OP-ED: RE: campus vandalism

Women of Art History and Visual Culture Studies 2020

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Dear President Murray,

We were extremely disheartened by your recent email response to the political intervention upon the Marcus Whitman statue, which took place on Indigenous Peoples’ Day. You admonished the spray painters and lamented the destruction of property, calling instead for dialogue. We feel strongly that the intervention on the Marcus Whitman statue was dialogue, an act of engagement with the statue that sought to remark on the troubling conditions of its display on this campus. We urge you not to dismiss this opening of discourse.

As art historians we believe in and recognize the power of art both internally and externally. Perhaps, by articulating this power, we can further the dialogue started by the spray painters. Art is never neutral or disinterested; it is enmeshed within politics, identity, power and culture. Art has the potential to disrupt hegemonic ideologies, but it can, in equal measure, confirm cultures of oppression. By continuing to display the Marcus Whitman statue in its current state, Whitman College valorizes Marcus Whitman and his colonialist, genocidal history. The Whitmans’ legacy forms the bedrock of this institution; Whitman College is a memorial to the Whitmans in the form of an educational institution. In order to continue the process of reconciling Whitman College’s colonialist history, we, as an institution, need to do more than allow the statue to remain as it is now.

Through archival research we have uncovered the true ownership of the statue to be the city of Walla Walla. We are arguing that Whitman College, as the steward of this statue, has a unique ability and significant obligation to intervene upon the piece. To continue to display the statue in its present, glorifying form is unacceptable, but it is equally unacceptable to simply move it off-campus and proceed to ignore the multitude of ways Whitman actively participates in ongoing histories of genocide, violence, racism and xenophobia. To cede the statue back to the city is equally irresponsible, for the college will no longer have a say in how the statue functions. We, following Professor Lisa Uddin’s proposals for futures of the work, understand that something, and no small something, has to be done, and we hope that you can see that too. We are calling for the removal of the statue from public view, and demanding that the land which the college purchased for the statue’s display be used as a site for reparative action. We ask for a specifically designated arts fund to be allocated for the commissioning of a work that will interrogate colonial histories and, further, celebrate the indigenous lives which the college’s namesake destroyed. We hope to begin a collaborative process with you, President Murray, by which this proposal can be actualized.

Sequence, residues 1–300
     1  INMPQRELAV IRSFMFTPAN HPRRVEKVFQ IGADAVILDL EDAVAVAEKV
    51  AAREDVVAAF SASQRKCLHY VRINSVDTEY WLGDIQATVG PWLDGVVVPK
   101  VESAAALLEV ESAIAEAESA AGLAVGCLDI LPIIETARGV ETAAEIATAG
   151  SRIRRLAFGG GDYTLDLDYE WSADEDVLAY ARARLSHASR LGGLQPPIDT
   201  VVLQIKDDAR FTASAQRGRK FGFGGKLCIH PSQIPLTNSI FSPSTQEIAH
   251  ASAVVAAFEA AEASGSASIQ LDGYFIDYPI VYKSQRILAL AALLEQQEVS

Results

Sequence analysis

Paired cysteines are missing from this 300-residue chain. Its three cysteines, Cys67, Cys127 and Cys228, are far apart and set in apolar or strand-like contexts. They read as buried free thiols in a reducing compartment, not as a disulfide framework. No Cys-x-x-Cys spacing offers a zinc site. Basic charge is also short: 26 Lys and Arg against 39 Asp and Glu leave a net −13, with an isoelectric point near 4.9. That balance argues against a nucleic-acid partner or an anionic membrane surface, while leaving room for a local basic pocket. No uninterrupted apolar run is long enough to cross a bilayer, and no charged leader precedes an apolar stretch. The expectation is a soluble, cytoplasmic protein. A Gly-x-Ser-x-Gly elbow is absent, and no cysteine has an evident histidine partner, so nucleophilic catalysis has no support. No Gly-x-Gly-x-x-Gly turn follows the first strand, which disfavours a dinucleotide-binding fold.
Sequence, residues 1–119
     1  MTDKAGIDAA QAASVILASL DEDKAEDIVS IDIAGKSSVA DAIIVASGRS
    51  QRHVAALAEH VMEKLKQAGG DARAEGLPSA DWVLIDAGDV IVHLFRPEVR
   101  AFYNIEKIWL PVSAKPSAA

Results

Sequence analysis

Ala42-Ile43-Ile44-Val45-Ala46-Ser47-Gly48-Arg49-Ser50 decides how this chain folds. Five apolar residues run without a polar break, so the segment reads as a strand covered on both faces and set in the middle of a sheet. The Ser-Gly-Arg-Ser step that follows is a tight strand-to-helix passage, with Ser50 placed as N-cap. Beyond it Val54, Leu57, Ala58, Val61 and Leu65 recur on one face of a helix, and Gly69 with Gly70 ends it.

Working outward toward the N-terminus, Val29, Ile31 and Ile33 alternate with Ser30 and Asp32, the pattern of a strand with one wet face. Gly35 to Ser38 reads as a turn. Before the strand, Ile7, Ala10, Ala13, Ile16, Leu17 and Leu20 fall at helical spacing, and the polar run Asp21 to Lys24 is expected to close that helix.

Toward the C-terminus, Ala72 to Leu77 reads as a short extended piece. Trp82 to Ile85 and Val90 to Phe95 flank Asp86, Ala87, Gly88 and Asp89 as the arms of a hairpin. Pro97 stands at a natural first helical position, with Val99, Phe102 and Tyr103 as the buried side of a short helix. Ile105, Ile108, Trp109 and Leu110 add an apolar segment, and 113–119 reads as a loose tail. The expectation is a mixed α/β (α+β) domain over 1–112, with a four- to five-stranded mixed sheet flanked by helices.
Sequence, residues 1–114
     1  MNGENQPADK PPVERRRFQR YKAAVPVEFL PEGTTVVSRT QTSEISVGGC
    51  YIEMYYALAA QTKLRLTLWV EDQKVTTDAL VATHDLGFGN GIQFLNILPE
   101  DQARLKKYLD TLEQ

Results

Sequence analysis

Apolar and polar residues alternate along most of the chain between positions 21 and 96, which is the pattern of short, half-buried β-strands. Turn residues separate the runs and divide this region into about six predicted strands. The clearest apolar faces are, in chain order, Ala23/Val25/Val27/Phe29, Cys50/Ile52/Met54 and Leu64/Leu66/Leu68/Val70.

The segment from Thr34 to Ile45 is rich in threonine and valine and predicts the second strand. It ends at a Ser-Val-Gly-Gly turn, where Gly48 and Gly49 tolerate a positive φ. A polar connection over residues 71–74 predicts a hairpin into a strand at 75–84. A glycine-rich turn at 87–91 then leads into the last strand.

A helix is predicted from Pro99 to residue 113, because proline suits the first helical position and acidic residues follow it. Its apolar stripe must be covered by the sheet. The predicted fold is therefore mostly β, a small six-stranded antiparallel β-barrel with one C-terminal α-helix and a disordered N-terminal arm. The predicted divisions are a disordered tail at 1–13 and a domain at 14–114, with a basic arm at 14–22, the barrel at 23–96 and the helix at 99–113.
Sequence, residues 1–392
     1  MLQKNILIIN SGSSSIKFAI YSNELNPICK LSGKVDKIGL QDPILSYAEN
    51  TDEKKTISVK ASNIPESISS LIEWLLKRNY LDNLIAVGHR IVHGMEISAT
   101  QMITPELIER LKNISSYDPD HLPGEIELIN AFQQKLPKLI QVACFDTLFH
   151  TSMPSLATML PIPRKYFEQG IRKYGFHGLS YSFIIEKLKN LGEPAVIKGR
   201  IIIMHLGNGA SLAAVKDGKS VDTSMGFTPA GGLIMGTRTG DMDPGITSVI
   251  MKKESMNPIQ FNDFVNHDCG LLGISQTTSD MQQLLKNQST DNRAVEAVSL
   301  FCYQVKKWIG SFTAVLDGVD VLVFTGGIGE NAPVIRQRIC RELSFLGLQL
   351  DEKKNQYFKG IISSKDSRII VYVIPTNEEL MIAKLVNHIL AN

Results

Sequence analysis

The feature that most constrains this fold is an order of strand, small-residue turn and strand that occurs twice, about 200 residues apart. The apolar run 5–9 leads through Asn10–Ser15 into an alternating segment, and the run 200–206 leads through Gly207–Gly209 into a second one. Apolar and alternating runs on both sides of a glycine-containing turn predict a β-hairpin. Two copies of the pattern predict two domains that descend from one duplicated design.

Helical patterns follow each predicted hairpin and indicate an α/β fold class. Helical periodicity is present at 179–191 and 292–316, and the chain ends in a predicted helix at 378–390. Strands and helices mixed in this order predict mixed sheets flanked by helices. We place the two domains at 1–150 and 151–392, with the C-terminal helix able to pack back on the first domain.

We leave you with the full quote from the base of the statue. President Murray, please ask yourself this question: Is this the narrative you want to represent the college? 

“For to my mind all my work & plans involved time & distance & required confidence in the stability of God’s government & purpose to give the Heathen to his Son for an inheritance and among them those uttermost parts of the earth for his possession.” — Marcus Whitman

Regretfully,

Women of Art History and Visual Culture Studies Class of 2020

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